Exercise. Exercise is the best way to gain strength after surgery. Once you are discharged from the hospital, you may begin light exercise.

  • The best form of exercise after a transplant is walking. We recommend starting off at a slow pace and increasing your tolerance to 30 minutes a day.
  • Swimming is also good, but swim only in treated pools. Public pools, lakes or rivers contain excessive bacteria.


Exercise should be a gradual process. If you experience any pain, shortness of breath, dizziness or irregular heartbeats during exercise, stop immediately.
You need time to recover after your transplant. It is recommended that you not drive or lift anything heavier than 10 pounds until cleared by your physician. After surgery, your abdominal muscles are weak. If you overexert them, you can cause a hernia.

Weightlifting, sit-ups and pushups are restricted for the first three months after transplant. Ask your transplant team before beginning any new exercise program.

. You should not drive for at least one month after transplant. This is to protect your new organ from injury should you have an automobile accident and the steering wheel hit you near the wound. Your vision and depth perceptions may also be impaired during this time due to higher doses of anti-rejection medication.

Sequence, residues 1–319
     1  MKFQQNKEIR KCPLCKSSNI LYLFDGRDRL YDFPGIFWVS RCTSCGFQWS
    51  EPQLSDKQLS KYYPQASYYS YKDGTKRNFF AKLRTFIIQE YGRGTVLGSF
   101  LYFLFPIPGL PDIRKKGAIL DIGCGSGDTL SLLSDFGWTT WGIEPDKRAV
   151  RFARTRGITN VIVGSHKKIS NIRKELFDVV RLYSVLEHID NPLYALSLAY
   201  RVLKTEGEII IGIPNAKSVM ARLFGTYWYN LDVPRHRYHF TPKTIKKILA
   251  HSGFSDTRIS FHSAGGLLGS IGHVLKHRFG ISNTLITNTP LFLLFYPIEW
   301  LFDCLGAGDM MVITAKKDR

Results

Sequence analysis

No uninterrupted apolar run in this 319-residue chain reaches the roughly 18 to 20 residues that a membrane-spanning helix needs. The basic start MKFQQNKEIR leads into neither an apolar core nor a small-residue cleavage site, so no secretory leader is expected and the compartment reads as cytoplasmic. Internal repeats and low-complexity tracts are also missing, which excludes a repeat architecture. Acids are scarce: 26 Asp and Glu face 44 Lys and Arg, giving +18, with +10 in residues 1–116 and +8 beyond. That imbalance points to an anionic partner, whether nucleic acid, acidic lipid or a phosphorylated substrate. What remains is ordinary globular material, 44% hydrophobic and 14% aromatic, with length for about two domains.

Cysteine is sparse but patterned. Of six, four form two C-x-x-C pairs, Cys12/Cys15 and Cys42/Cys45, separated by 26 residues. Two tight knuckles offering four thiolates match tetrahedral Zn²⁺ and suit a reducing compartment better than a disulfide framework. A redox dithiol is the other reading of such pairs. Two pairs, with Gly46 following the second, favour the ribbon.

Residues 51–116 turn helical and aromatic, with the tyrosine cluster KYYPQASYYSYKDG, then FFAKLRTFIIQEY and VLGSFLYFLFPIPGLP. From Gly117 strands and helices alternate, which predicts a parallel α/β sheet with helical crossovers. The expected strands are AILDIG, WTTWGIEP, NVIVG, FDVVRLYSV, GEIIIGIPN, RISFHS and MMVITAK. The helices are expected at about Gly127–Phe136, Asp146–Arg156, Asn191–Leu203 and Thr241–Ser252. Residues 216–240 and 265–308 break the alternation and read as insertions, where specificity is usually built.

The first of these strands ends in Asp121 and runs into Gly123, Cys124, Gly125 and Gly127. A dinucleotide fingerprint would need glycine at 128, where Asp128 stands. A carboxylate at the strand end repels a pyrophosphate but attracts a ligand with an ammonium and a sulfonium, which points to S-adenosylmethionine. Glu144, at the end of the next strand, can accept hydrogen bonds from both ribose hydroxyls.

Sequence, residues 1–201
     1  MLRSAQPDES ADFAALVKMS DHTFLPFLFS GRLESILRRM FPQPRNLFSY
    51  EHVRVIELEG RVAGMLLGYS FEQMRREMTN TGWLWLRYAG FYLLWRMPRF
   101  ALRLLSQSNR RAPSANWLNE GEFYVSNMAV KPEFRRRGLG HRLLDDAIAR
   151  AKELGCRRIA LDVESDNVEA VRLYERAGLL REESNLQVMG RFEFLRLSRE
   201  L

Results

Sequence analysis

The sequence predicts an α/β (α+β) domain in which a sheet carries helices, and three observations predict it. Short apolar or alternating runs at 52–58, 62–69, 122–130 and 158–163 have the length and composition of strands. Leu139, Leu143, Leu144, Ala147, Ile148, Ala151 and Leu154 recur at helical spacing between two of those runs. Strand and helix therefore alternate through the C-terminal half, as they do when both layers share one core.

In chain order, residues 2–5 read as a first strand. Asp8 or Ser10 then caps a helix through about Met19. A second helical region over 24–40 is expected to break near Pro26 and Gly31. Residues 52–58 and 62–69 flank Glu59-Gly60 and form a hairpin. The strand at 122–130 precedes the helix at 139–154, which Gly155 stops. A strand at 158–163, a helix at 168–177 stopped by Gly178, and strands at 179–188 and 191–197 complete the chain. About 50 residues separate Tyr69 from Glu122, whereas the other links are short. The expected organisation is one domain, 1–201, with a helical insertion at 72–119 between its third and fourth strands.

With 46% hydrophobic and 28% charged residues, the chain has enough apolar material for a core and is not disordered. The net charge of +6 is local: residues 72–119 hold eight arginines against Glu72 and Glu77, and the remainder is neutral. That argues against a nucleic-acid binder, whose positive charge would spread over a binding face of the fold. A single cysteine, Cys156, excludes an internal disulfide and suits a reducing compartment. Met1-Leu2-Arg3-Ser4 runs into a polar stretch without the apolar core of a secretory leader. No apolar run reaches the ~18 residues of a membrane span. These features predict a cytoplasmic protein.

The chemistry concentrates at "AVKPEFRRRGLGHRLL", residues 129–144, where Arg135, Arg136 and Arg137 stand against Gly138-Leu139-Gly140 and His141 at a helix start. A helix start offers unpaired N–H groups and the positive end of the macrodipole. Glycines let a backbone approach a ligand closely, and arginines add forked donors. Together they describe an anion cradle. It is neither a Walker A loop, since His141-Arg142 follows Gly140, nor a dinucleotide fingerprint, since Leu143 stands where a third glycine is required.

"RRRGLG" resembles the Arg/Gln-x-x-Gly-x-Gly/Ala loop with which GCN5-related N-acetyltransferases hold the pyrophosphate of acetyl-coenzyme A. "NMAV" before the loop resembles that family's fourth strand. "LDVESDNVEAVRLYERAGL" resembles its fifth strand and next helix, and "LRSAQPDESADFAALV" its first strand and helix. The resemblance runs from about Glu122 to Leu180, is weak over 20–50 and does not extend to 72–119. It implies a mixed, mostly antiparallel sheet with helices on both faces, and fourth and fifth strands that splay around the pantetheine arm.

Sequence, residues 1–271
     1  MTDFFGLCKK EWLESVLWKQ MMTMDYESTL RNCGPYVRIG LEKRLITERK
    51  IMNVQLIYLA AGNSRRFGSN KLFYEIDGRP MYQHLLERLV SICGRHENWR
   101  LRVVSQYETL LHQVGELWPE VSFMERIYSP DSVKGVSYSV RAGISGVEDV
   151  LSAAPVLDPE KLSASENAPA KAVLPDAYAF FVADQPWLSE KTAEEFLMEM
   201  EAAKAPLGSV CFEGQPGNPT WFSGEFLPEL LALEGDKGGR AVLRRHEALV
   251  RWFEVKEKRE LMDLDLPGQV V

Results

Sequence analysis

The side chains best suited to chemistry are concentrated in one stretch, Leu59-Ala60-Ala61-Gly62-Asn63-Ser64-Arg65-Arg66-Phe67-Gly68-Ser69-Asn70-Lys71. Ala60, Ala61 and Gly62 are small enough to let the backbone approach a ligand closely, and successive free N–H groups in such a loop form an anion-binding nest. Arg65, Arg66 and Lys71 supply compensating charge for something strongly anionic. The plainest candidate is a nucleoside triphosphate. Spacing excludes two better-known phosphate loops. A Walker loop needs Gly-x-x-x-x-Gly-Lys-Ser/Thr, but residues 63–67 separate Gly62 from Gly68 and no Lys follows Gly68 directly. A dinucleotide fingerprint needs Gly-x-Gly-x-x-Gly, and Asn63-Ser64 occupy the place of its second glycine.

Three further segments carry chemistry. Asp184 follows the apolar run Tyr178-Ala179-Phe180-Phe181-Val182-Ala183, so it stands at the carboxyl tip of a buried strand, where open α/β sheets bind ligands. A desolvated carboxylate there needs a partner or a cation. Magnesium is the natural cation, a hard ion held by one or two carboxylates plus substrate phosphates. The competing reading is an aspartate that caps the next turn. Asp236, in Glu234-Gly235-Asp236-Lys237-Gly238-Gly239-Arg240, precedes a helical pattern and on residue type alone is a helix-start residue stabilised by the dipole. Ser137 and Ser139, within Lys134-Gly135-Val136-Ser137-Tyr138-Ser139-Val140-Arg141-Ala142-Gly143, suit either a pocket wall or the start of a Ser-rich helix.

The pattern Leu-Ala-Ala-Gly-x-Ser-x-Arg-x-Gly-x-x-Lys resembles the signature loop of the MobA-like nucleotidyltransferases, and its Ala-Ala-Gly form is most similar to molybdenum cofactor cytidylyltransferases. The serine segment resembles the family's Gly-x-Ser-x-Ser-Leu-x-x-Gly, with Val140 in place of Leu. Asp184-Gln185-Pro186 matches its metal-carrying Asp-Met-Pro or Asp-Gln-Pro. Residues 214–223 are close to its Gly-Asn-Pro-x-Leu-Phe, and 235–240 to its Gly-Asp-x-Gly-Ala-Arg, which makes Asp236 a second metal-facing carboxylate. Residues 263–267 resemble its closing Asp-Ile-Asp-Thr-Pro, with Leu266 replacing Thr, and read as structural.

If you ride in a vehicle, always wear a seatbelt; it will not hurt your new organ. If your wound is partially healed, you may place a small towel or pillow under the seatbelt for added protection.

Work. You may return to work or school when you feel that you are ready and you have been cleared to do so by the transplant team. Remember that you will have regular ongoing appointments and lab tests, so you will have work them into your new schedule.

Sexual Activity. You may resume sexual activity when you and your partner are ready. Condoms are vital to prevent the spread of diseases.

Birth control is recommended for all transplant patients. You should wait at least one year after transplant before considering pregnancy or fathering a child. Childbirth while taking immunosuppressant medications is associated with an increased risk of birth defects. If you are considering pregnancy or become pregnant, discuss this with your transplant team so that your medications can be adjusted if necessary. We recommend that all women use a condom, diaphragm or spermicides, but not IUDs since there is an increased risk of infection with these. Check with your transplant team before considering birth control pills.

Women who have not had menstrual cycles during their disease should see them return within a few months after transplant. Ovulation can resume even before the cycles begin. This is why it is important to use birth control and discuss concerns about childbearing with your transplant team.
Some conditions may cause men to become impotent. After transplant, sexual function normally returns, but some posttransplant medications can prolong periods of impotency.

Traveling. We advise you to not do any extensive traveling during the first six months after transplant, and traveling to developing countries is not recommended due to the risk of exposure to serious infections.

When you travel, remember to keep your medications with you and never place them in a bag that needs to be checked at a terminal. This will prevent you from ever being out of medicine in case your luggage does not make it to your destination.